Dustin: Part of me knows it’s presumptuous to talk about the up and coming leaders of Native country in a stuffy library in NYC. But I like to think the perspective I have gained on the world by spending time outside of the Southwest has helped me recognize how wealthy and blessed my people are in so many ways that folks at home don’t always appreciate. I think that young people in Native country should take the opportunity to live and learn somewhere else, but in the end they will know where home is and where their soul feels most rewarded and comfortable.
Those that “get out” should never be made to feel guilty about their success or the opportunity they find. They’ll be less likely to go back home to share the knowledge they absorbed elsewhere. That’s the opposite of what we need. I hope that in the future, young, well-traveled Natives are able to give their local communities enough global perspective to understand how important their traditional knowledge can be for the world at large; not just their reservations. I believe there is a way to share and proliferate that knowledge without forsaking its sacredness.
Mac: Did you notice any prejudice when you went back home after graduating from Columbia?
Dustin: To a certain extent, yes. I’m half white and people notice that immediately. The great equalizer for me has always been running. People see me run, and then it is no [racial] questions asked. That’s what inspires me. We need to encourage our youth to find a passion, something that they can share with the world or their community. No one will question their identity because it’s not a question of how Native he or she is or when was the last time they lived on the reservation. Instead it’s like, “wow, I was really inspired by what I just saw, how can I get there too?”. And that’s the mentality that we move on. Rather than “what percent is he?”. Some people on reservations are more interested in questioning a young person’s pre-determined identity [clans, blood quantum, hometown, etc.] than helping them find their passion or destiny. I like to think I’m helping foster a new generation of leaders that can encourage both younger and older peers to be more open minded and inquisitive about how their culture relates and compares to that of the rest of the world.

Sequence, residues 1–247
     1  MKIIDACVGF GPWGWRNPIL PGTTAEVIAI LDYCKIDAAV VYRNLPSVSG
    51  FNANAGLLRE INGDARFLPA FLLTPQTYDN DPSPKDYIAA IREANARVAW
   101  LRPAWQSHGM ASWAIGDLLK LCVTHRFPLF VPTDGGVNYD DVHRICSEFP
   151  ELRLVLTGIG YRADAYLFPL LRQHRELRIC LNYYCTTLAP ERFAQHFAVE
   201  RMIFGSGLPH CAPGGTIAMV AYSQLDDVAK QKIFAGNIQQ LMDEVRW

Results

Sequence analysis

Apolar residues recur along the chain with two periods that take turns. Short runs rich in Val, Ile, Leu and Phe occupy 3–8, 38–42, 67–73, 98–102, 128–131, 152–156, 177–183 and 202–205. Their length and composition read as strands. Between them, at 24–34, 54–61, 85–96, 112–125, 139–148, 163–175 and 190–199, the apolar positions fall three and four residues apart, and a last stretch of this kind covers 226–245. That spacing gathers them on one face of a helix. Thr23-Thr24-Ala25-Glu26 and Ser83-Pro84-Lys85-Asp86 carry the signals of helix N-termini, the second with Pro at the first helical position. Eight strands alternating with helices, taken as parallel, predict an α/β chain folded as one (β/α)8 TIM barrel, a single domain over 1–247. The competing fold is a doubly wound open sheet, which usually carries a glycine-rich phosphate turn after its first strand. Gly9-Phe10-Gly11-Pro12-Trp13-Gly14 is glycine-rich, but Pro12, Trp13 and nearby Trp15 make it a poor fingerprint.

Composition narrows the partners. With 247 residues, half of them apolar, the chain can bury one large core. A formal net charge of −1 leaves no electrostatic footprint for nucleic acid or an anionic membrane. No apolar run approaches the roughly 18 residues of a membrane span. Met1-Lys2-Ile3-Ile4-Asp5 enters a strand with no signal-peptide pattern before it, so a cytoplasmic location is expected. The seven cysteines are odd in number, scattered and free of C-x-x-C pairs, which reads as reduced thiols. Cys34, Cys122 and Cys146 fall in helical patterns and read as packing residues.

It makes me sad when I see people deny interaction with a new and interesting person or place because of their deep-seated allegiance to where they come from. We need to create more opportunities for our Native kids to test their boundaries and then find refuge in their traditional lands and ways. I’m lucky because I’ve had every opportunity in the world to do just that. Run at a private high school, go to Columbia University, work for Wings of America. I understand that not every kid will get or want opportunities like these. That’s okay. But those with drive and ambition shouldn’t feel limited in their passion by finances or jealousy. So long as these young ones maintain a connection with their homelands, they will keep their people moving forward without neglecting the lessons of their past. That being said, they shouldn’t feel like they have to exactly echo the voice of their elders.
When I first stepped into the Wings job, I was very keen on prefacing each of our programs with a message I have heard countless times from my elders: “Running is important because it is linked to our cultural heritage. Navajo’s run because of THIS.” I found that a lot of kids these days don’t want to hear that, so spelled out, so black and white. Culture isn’t something you learn by defining it. Culture is something you learn by creating it, perpetuating it, experiencing it, those words and definitions that people spell out confine us. No one is participating in culture when we preface the conversation or activity with “We are doing this so we can be cultural”. Now I let the kids run first.
Mac: What have you got in that tube?
This is a print that I completed my last year of college. I carved the plate out of a huge block of plywood. It’s essentially a map for my interpretation of some of the images that come to light in the early stages of the Navajo creation story. It was inspired by my exposure to some of academia’s records of Navajo religion and cosmology.
From the turn of the 20th century until around the 1930s, a number of white religious and linguistic scholars collected many stories and images from Navajo hataathlii’s, or medicine men. Many of these academics operated under the assumption that the rituals they were collecting would soon be lost along with the people. In the anthropological world their work was called “salvage ethnography”. Their translations eventually became books that synthesized Navajo origin stories as linear texts with silkscreened diagrams to replace the massive sandpaintings that traditionally illustrate a ceremony. I came across tattered copies of these books in Columbia’s libraries and was entranced. After doing some research I found that these books were very old and very rare. I felt like it was my responsibility to engage with them and do something to revive the enclosed stories and images.
Traditionally, I knew that the images and stories I was working with were never supposed to be printed. I felt uneasy pressing elements of the texts to paper once more but rationalized my transgression with hope that my heart was in the right place. Though the Navajo people are far from lost, it has become difficult for young people to learn our religion in the traditional way. In the old days a hataathlii would take an apprentice and pass songs down to their student from the time they were very small until they were well into adulthood. But our modern world makes such a learning process very difficult, if not impossible. It’s important that there are other ways for Navajos to learn traditional teachings to help guide them on the path to beauty. Even the oldest songs and sandpaintings teach us that change and evolution amongst people and societies are inevitable. I take that lesson to heart. Everyday I do my best to face the challenges of tomorrow with an eye to my past AND the courage to evolve. Wings, S.O.L.O., running, art- each is a way for me to put the past in conversation with the present to create the most genuine products I know how to.